As you approach the Westfjord's Dynjandi waterfall, you'll be greeted by the thundering noises of this majestic cascade.

Day 6 - Dynjandi Waterfall

You'll wake up on day six in the remote Westfjords, where tranquility and breathtaking landscapes dominate the region. Due to the isolation of these fjords, your travels will be mostly void of other people, allowing for true off-the-beaten-path adventures.

Today, you'll venture deep into this region, where the impressive waterfall Dynjandi lies at the bottom of Arnarfjordur fjord. The road to Dynjandi leads up rugged hills and jagged mountains, providing you with a fantastic bird's eye view of the surrounding fjords and valleys.

Along the way, you can stop at geothermal pools and hot tubs to enjoy the warm waters while breathing in the pristine mountain air. The first of these pools, Pollurinn, just outside the village of Talknafjordur, provides a clear view of the beautiful mountains of Talknafjordur fjord. 

The second one, Reykjafjardarlaug, is located further east. Hidden in the tall grass near the pool is a little turf shed inside a grassy hill.

As you approach Dynjandi from the road, you'll be greeted by the thundering noises of this mighty cascade as it falls down 328 feet (100 meters). The cascading water fans out at the bottom, creating the unique pyramid shape for which it's famous.

Close to the waterfalls is the town of Hrafnseyri, where you can find the restored turf house of Jon Sigurdsson, the leader of the 19th-century Icelandic independence movement. You can also drive north and visit the quirky Nonsense Museum in Flateyri village. The museum features a collection of strange items like pens, police hats, model ships, and sugar cubes, to name a few.

If you're looking for a more traditional type of museum, Flateyri also has one. It focuses on the town's history, especially the avalanche that affected the area in 1995. The museum also doubles as a second-hand bookshop. 

Alternatively, you can visit Holtsfjara, a white, sandy beach great for building sandcastles. The locals even hold an annual sandcastle competition for both children and adults.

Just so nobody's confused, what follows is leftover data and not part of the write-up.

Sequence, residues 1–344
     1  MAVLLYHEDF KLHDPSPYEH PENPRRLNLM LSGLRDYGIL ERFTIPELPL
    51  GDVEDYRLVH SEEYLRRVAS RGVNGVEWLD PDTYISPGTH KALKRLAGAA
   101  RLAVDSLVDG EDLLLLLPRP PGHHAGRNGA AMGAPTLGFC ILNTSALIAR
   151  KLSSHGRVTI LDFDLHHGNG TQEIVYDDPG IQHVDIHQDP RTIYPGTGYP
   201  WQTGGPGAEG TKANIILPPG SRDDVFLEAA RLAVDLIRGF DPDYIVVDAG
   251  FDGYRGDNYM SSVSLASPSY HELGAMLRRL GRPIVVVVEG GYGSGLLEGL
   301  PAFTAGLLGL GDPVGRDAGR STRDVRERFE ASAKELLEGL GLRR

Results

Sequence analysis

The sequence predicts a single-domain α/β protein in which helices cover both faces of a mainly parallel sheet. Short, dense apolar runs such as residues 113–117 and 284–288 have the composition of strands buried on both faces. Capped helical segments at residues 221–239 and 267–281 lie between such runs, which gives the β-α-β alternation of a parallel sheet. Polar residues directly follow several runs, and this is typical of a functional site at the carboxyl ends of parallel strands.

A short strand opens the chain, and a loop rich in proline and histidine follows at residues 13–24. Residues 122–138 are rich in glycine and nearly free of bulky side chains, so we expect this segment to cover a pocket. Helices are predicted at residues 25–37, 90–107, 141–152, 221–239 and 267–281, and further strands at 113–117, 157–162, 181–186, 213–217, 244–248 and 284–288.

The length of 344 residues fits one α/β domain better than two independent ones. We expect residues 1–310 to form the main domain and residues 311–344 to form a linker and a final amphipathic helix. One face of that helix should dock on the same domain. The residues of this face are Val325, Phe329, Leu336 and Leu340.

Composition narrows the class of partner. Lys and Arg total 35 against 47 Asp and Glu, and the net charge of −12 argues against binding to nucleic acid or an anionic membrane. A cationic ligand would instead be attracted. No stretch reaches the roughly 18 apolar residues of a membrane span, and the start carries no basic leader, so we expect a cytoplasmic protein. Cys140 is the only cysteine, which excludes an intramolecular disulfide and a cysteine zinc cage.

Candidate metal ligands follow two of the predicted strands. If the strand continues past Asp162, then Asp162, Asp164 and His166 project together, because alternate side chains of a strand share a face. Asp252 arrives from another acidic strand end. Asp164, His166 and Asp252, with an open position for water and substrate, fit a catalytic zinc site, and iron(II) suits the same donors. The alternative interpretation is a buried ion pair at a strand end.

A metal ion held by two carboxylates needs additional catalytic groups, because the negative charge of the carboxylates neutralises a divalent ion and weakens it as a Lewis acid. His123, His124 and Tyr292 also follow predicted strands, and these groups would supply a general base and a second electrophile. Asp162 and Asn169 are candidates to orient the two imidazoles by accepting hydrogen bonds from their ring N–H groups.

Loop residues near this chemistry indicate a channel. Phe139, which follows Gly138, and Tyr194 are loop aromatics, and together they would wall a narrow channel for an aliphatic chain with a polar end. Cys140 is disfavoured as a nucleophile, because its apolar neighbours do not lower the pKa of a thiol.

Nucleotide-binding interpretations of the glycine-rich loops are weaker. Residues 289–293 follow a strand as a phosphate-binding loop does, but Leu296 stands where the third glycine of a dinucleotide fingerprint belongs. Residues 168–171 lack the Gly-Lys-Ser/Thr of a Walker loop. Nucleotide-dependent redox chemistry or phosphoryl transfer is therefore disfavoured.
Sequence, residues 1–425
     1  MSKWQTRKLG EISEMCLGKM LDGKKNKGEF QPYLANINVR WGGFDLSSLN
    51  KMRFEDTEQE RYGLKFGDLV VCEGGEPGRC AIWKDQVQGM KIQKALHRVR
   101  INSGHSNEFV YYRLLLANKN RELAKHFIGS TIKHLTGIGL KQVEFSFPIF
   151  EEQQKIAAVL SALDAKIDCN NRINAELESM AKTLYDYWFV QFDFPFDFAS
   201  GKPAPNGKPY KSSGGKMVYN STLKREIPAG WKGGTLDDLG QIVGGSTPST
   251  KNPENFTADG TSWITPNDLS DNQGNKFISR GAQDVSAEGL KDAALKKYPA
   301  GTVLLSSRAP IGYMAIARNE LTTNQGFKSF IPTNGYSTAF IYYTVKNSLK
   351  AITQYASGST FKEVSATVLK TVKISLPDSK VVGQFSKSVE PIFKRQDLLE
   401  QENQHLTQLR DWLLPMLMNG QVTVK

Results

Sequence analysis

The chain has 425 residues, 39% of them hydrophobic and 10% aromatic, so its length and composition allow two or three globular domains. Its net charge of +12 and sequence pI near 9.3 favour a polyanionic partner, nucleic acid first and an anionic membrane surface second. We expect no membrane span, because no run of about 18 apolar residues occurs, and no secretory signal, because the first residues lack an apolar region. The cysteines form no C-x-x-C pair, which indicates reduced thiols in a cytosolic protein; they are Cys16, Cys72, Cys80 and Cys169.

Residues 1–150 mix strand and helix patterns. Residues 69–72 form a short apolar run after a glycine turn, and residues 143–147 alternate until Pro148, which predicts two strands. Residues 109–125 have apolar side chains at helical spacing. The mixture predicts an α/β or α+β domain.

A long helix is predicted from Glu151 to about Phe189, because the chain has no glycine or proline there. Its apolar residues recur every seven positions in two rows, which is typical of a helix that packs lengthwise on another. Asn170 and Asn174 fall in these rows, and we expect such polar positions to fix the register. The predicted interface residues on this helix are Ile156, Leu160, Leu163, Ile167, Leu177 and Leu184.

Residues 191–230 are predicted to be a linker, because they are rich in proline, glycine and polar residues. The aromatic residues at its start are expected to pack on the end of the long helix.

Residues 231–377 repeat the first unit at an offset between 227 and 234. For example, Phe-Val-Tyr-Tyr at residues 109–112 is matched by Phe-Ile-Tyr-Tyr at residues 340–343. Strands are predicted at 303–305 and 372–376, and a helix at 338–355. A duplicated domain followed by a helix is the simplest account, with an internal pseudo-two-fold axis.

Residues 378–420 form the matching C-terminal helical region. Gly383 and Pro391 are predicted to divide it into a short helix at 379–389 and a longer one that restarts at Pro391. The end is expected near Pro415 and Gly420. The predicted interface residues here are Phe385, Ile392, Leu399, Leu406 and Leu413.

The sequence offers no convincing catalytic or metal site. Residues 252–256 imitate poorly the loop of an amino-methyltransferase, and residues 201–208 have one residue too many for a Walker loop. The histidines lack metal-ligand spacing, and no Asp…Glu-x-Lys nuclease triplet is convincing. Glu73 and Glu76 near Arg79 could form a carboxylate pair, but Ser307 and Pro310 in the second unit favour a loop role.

Your accommodation tonight will be in the remote Westfjords.

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Day 7
Turf houses in the Westfjords under the Midnight Sun.

Day 7 - Capital of the Westfjords

On your seventh day in Iceland, you'll be based in Isafjordur, a fascinating town and the largest settlement of the Westfjords. It has a bustling culture and incredible natural surroundings, and it's close to more authentic fishing villages where you can immerse yourself in the region's history.

Most notable amongst these are Bolungarvik, Sudureyri, and Flateyri. Getting to these locations requires driving through mountain tunnels or around the magnificent fjords.

Bolungarvik boasts an excellent maritime museum and is one of Iceland's oldest fishing ports. Because of its scenic views, the village was used as a filming location for Sparrows and Noi Ambinoi, two excellent Icelandic movies.

In addition, it's known as a birdwatching hot spot and offers majestic views of the Hornstrandir Nature Reserve, Iceland's most remote area.

Another notable stop is Sudureyri, a remote village sitting on the tip of Sugandafjordur fjord. It's renowned for its swimming pool and a beautiful historic church.

As you explore the village, you'll see how the locals combine their rich fishing traditions with tourism. Visit the Fishermen Kitchen restaurant for a taste of local cuisine featuring fresh catch from the sea.

Meanwhile, Flateyri is a port with an interesting past. Aside from its museums, the village offers excellent outdoor opportunities. If you're seeking adventure today, you can find it in an optional kayaking adventure. You don't need to be experienced to embark on this breathtaking tour. 

This Iceland kayaking tour will get your adrenaline pumping and expose you to magnificent views and give you a chance to marvel over sea birds, seals, and possibly whales.

You can also use this opportunity of being in Isafjordur to visit the magnificent nature reserve of Hornstrandir. Interestingly, it cannot be accessed from any other town.

After a full day of exploring and adventure, you'll spend another night in the Westfjords.

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Day 8
The remote Westfjords are one of the most beautiful, but least visited places in Iceland.

Day 8 - Western Fjords

Today, you'll drive the road that winds through the smaller inlets of the mighty Isafjordur fjord. Before you leave, make sure to explore the Isafjordur town first. It has some of the oldest houses in the country, dating back to the 18th century, and is also reported to have the best seafood restaurant in Iceland.

Isafjordur is considered Westfjords' unofficial capital. It's also the region's commerce, education, and services center. Aside from the beautiful old houses, various mountains complement the sea, resulting in a breathtaking landscape.

From its days as a fishing and trading center in the 16th century, Isafjordur retained its identity as a marine-oriented town despite the changes over the years. After enjoying its natural beauty, stop by the Tjoruhusid restaurant for some of the finest seafood you'll ever taste.